Do I detect from your message that you are somehow involved with this enterprise?

      Peace,
      Gene

    11. Jerri Blank says:

      I do work for a radio station that broadcasts two HD channels, but I don’t work for iBiquity or Microsoft, and I don’t have a Zune. I love my iPhone and use it to listen to internet radio in the car. But I think it’s great that finally there’s going to be a name brand portable HD radio on the market and I hope they succeed with it. HD Radio is a great technology, it gives you crystal-clear audio and lots of extra stations, all without a monthly subscription fee. But we advertise it exclusively on the radio, and our target market (young people and tech-savvy early adopters) abandoned the radio years ago, so the people who would be most likely to buy one don’t even know it exists. Microsoft has told the HD Radio Alliance that they will advertise the Zune’s HD Radio capability in their television commercials, which will be a first and we hope will help build awareness of the technology among the people who would actually be willing to try it.

      For more information about the proposed HD Radio broadcast power increase, see:

      http://hraunfoss.fcc.gov/edocs_public/attachmatch/DA-08-2340A1.pdf

      It says comments were due by January 4, 2009, but they actually extended that through July, with a decision expected in September.

      Right now, if you live in a city, getting an HD radio will effectively double the choices available to you on your FM dial. Chicago and LA, two of the early test markets for this technology, each have 63 HD stations already broadcasting. Most other cities have between 30-40 HD stations already.

      As far as making the switch to HD, this is the one I have in my car, it’s only $119 at Best Buy or $95 off Amazon.com, it also has a CD player and a front auxiliary input for ipod/iphone:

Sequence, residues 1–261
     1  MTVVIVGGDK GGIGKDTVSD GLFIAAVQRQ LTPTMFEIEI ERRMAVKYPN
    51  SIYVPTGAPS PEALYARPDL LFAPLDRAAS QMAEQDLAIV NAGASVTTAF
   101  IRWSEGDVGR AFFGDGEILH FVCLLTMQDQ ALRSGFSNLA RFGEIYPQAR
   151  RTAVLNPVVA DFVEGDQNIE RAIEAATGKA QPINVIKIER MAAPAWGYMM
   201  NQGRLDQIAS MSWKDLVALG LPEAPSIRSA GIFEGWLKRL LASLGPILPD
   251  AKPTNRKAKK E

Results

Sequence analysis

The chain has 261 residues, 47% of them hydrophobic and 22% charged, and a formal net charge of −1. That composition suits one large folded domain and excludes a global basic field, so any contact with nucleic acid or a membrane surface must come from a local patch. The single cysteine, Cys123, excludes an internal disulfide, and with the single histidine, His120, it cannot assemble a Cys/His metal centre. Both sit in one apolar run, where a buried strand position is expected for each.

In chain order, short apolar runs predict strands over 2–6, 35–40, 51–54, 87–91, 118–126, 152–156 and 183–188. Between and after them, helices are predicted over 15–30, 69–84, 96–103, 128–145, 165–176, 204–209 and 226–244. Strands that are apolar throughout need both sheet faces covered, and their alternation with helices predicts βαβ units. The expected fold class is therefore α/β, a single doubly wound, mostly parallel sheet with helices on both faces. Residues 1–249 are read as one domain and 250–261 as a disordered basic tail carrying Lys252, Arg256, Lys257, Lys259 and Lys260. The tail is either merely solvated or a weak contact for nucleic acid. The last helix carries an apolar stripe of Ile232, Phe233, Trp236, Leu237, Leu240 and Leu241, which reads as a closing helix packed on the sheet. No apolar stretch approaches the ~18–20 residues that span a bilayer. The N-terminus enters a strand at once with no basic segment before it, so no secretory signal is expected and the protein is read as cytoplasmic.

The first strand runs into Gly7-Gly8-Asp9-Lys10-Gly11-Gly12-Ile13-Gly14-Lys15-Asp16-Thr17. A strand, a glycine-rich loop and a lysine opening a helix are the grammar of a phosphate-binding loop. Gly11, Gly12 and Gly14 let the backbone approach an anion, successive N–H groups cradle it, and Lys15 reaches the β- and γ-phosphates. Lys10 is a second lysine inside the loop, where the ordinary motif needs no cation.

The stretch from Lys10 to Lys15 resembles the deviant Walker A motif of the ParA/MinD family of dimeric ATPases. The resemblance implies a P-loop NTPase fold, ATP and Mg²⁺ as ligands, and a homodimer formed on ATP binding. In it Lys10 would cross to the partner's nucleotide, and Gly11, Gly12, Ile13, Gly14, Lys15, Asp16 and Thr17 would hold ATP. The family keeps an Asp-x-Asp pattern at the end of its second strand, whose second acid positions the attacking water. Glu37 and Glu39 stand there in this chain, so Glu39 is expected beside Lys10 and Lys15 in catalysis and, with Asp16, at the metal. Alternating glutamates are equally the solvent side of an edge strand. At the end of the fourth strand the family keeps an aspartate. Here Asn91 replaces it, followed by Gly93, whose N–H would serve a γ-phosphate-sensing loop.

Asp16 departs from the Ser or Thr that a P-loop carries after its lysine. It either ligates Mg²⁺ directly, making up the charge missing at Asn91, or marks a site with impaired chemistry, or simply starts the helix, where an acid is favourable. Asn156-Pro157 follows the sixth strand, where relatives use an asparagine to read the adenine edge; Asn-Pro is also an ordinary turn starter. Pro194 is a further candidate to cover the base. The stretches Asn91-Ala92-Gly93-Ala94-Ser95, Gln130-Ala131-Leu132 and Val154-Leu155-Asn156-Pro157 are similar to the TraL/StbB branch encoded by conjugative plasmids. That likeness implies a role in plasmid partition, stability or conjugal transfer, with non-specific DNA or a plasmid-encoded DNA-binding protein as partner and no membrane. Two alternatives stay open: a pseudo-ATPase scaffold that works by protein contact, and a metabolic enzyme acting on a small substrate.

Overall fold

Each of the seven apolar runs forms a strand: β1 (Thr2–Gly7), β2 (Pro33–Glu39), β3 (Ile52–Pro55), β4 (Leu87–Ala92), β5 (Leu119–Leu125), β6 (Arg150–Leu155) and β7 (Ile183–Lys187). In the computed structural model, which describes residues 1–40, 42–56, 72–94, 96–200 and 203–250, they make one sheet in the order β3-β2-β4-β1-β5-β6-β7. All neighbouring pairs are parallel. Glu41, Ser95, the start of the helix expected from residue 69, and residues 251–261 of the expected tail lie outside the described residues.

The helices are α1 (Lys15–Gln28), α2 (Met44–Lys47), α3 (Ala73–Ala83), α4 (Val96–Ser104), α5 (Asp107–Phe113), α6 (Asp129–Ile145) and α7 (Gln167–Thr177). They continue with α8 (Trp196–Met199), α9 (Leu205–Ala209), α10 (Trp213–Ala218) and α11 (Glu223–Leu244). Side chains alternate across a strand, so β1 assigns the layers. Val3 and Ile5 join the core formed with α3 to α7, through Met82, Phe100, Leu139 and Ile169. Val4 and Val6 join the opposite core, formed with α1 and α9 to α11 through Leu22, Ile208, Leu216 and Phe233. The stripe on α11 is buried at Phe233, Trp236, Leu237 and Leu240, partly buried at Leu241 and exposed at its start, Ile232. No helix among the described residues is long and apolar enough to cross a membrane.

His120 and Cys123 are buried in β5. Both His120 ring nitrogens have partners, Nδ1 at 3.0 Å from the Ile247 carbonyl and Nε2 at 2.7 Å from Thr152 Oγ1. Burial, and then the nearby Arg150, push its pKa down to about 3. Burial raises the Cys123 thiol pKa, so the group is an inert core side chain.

http://www.bestbuy.com/site/olspage.jsp?skuId=9205095&type=product&id=1218057761936

      When you do make the plunge, make sure you get one that has the HD Radio tuner built-in. Almost all in-dash decks now say “HD Ready!” but that’s just a scam on the part of the manufacturers. An “HD Ready” radio is just a regular analog radio. If you wanted to turn an “HD Ready” radio into an HD Radio you’d need to buy a separate HD Radio tuner that’s bigger than the radio itself!

    12. @ Jerri Blank: Thanks for the update. When it comes time to acquire another vehicle, I’ll look for the HD option, seriously. And maybe even a home set. The Best Buy store is 5 minutes away.

      I don’t think much of the Zune, but I’m a great fan of radio, as most of our regular readers know.

      And perhaps we should get in touch with you if the station you work with would like a couple of killer shows. :):)

      Peace,
      Gene

    13. Ryan H says:

      I own a macbook myself and have had about 4 or 5 ipods in my day. I must say, when writing an article about an upcoming product, be sure to be careful about being so biased and making yourself so vulnerable to failure. Have you even tried the products? How can you sit back and rant without even having tried the thing? How do you know what people want, are you everybody because you’ll kiss Steve Job’s shoes? Everyone in my family has HD radio, and they love it. Given, it’s not actually better quality, but it sounds like it, coming in clearer. I also own a Zune myself. I like it because it’s simple and easy to use, and it gets my to my music instead of being a person who has to go around like some apple missionary. The product itself is music focused, not elegance focused, and doesn’t have a massive following that stamps it with brand name expectation. Some people like that you know….. I’m not trying to bash, but your article is one of the least helpful I’ve read. Unless you are an apple freak and are too biased to ever come near anyone else’s products for fear of damage to your apple social status, then get a life man. Once again, have you tried the piece your reviewing? No.

    14. Marco Vazquez says:

      I am a young mac user but i also have a Zune and enjoy it very much. I am on the line of Purchasing a Zune or ipod next. I think If Microsoft really wants this to take off they need to make Zune compatible with mac computers. This will help to open a new market to a newer generation that Microsoft has yet to do.